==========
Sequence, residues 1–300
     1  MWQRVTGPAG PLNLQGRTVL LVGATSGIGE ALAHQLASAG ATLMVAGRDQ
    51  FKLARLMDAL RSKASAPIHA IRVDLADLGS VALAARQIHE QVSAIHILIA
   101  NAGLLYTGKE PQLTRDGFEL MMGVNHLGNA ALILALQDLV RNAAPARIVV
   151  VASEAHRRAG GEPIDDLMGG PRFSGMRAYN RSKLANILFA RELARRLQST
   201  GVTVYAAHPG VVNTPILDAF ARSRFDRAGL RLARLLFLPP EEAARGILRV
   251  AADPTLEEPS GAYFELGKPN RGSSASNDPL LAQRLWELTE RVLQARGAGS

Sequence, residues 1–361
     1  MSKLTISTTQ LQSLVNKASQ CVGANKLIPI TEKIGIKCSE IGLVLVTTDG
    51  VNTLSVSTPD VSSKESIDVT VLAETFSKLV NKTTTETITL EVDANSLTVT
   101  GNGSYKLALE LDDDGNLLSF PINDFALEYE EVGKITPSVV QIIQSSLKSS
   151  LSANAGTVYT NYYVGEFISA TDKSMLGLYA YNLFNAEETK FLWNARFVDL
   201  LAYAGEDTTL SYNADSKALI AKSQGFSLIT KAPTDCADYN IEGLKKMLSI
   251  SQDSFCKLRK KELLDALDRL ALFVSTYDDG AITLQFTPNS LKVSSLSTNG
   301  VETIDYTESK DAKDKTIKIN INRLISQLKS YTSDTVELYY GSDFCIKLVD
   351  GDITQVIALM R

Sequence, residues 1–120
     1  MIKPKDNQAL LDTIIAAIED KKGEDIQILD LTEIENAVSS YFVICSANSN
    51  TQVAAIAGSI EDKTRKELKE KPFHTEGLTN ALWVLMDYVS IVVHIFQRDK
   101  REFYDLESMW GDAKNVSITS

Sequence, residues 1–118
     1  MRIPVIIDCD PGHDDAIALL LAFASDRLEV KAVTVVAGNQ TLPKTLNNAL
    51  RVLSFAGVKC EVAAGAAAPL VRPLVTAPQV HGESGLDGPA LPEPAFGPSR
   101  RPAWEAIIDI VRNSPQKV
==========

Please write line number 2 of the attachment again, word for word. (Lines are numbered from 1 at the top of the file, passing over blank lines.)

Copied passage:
     1  MWQRVTGPAG PLNLQGRTVL LVGATSGIGE ALAHQLASAG ATLMVAGRDQ